An ultrasonic circulating air brush scrubber with a supply of scrubbing liquid in finely dispersed form in the intake air stream, and a high-voltage ionizer, includes at least one circular brush downstream of the ionizer. The brush is driven at high speed and is at the opposite potential from the ionized air stream. The circulating air scrubber provides a high degree of cleaning action for particle sizes down to below 1 μm., low consumption of scrubbing liquid and dries the air on the output side.

Description

BACKGROUND OF THE INVENTION

The present invention relates generally to an improved scrubber for cleaning streams of gas laden with toxic solid, liquid or gas contaminants. Specifically, this invention relates to a circulating air scrubber.

Scrubbers for cleaning streams of gas, especially air, laden for example with toxic solid particles and with poisons in gas or liquid phase are known in various embodiments. In conventional scrubbers, a cleaning or scrubbing liquid in finely sprayed, vaporized or atomized form in added to the gas stream laden with contaminants. Generally water is used with the addition of an additive, especially one with a chemical absorbing action, such as alcohol, gas solvents, neutralizing substances, and the like.

After thorough mixing, for example by vortexing, the harmful materials are extracted from the laden gas stream, captured in a filter device and/or condensation arrangement, and removed. Disposal of the resulting accumulations of contaminated scrubbing liquid is a substantial problem with conventional devices.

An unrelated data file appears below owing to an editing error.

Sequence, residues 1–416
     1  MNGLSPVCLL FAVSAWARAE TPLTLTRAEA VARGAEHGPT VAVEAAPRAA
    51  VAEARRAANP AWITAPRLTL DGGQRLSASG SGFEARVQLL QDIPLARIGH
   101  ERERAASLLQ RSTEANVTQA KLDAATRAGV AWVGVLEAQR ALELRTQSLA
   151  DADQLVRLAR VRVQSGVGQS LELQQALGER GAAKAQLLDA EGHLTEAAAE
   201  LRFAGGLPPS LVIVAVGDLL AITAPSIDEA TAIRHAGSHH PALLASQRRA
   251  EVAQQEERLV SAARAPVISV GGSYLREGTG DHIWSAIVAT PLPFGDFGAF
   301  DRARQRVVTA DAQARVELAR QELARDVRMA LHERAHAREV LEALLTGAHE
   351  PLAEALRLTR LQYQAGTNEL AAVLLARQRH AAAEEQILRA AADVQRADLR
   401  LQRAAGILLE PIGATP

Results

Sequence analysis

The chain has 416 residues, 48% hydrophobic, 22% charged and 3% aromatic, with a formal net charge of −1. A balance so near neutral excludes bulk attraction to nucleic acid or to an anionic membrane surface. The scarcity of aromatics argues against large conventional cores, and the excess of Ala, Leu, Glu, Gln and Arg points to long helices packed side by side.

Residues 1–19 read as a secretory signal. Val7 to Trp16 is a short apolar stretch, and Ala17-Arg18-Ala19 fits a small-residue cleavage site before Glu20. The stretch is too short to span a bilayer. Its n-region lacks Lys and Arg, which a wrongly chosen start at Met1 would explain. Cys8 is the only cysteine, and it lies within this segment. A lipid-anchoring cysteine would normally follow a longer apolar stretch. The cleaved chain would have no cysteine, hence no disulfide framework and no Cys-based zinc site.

In conventional air scrubbers, the gas is at 100% relative humidity because of the temperature in the condensation region. This can readily be seen from the known Mollier diagram. For example, at normal ambient temperatures, 3 m3 of scrubbing liquid are needed for each 1,000 m3 /h or air. In the continuous cleaning of a larger space, for instance, in a chemical plant in which toxic gases or dust particles arise on a larger scale, a correspondingly large quantity of contaminated scrubbing liquid is accumulated for disposal.

Operation of conventional scrubbers with circulating air is expensive because the gas stream to be cleaned must be cooled, in order to ensure condensation of the scrubbing liquid.

Furthermore, conventional air scrubbers can only remove solid materials to a particle size of about 10 to 50 μm. For smaller particle sizes an additional cleaning device is necessary, such as an electrostatically operated active carbon filter.